Open Access Original Research Article
Aims: This study set out to describe the profile of adolescents admitted unto an inpatient unit in Nigeria and their evaluation of the service.
Study Design: This was a retrospective cohort study.
Place and duration of study: Department of Child and Adolescent Psychiatry, University College Hospital Ibadan, Nigeria between January 2016 and February 2020.
Methodology: Patient notes and discharge summaries were used to collect the demographic characteristics of adolescents and their families, diagnoses and treatments provided during the hospital stay. A feedback form was used to evaluate different aspects of the service. Data were analysed using descriptive statistics, and thematic analysis for open ended responses.
Results: There were slightly more females (56.4%) than males (43.6%)admitted during the period of study and their mean age was 18.2 years (SD =3.0). The most common psychiatry diagnosis was psychotic disorders (48.9%) followed by mood disorders (38.3%). Almost half (48.6%) had 2 or more psychiatric diagnosis. Second generation antipsychotics were the most frequently used medications by the participants (76.6%). Median length of stay on the unit was 2.5 weeks (IQR = 2.6). Themes which emerged from patients’ experiences on the ward were reductions in feelings of isolation, changes in mental health perceptions and self – discovery. Strengths of the unit included staff responsiveness and team work. Weaknesses of the unit cited were the poor physical environment, and inflexible routines. Suggestions on how to improve the unit included increasing recreational and physical activities and staff re - training. Parents/guardians also wanted more support for themselves, and peer support for their children.
Conclusions: Majority of patients admitted onto this unit were older adolescents with psychotic and mood disorders. They and their parents/guardians were generally satisfied with the treatment milieu of the unit, and gave recommendations for further improvement of services on the unit.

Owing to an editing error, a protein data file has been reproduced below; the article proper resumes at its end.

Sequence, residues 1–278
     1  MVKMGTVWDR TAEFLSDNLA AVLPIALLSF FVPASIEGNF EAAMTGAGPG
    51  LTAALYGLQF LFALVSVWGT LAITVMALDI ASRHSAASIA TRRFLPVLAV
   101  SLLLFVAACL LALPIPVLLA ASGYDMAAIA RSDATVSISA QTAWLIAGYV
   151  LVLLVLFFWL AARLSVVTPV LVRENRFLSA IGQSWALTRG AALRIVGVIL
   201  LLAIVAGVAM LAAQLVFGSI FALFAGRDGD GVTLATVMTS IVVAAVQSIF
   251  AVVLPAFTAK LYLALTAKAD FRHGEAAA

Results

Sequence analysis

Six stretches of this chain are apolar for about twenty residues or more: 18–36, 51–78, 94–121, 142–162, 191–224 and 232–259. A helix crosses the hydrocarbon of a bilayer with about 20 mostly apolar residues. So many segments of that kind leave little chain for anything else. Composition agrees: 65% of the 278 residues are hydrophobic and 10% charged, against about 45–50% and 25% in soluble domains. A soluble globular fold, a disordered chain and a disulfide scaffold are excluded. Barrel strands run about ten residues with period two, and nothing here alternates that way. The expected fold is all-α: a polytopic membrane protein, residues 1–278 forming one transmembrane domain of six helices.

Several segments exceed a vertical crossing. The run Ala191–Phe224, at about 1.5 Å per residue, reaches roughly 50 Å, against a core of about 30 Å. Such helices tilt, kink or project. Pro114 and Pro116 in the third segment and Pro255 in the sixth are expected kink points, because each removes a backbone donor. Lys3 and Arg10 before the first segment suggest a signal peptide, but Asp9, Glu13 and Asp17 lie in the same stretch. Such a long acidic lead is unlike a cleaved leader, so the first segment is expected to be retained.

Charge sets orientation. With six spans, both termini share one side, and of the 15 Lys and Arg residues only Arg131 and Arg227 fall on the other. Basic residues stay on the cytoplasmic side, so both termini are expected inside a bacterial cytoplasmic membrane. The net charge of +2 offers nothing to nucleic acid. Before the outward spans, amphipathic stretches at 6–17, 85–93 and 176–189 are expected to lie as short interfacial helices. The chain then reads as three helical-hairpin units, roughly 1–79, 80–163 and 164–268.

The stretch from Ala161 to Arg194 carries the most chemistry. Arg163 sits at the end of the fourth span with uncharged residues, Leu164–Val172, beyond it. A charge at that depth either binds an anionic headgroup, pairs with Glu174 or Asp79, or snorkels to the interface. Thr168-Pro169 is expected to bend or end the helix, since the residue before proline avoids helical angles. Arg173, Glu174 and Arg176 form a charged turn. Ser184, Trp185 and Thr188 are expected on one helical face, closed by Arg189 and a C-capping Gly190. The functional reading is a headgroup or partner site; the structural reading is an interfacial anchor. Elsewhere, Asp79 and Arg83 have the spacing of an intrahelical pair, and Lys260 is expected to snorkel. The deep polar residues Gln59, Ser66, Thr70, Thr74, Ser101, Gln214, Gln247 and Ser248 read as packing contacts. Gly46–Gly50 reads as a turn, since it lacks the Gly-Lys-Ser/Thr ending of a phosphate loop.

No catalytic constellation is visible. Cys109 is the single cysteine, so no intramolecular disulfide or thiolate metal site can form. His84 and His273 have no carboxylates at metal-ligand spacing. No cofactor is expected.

Open Access Review Article
Care home staff are frequently required to provide invasive personal care for their residents, and on occasions need to use restraint and restrictive practices with people with dementia. This often occurs in situations where the residents no longer have the insight that they require help and may misperceive the personal assistance as an assault. On a practical level, a significant number of people with dementia are currently being admitted to inpatient units due to their level of resistance around essential personal care. Often these same people are settled at all other times. This paper provides practical advice on how to support residents and their caregivers, and gives clinical, legal and ethical guidance. Previous work undertaken by the present authors have shown that care staff require supervision and coaching on this topic.
The paper includes training materials used by the authors. This includes a composite, fictitious case example that illustrates approaches that are compliant with UK guidelines. It addresses the training of staff working in care homes.
As such this paper provides a review and practical example of the appropriate use of restraint for residents unable to consent to the ‘intimate’ care they are receiving. It describes a method delivered in a person-centred manner and within a legal framework. Having read this paper, care home staff should feel more confident, competent and secure in the assistance they are providing in this contentious area.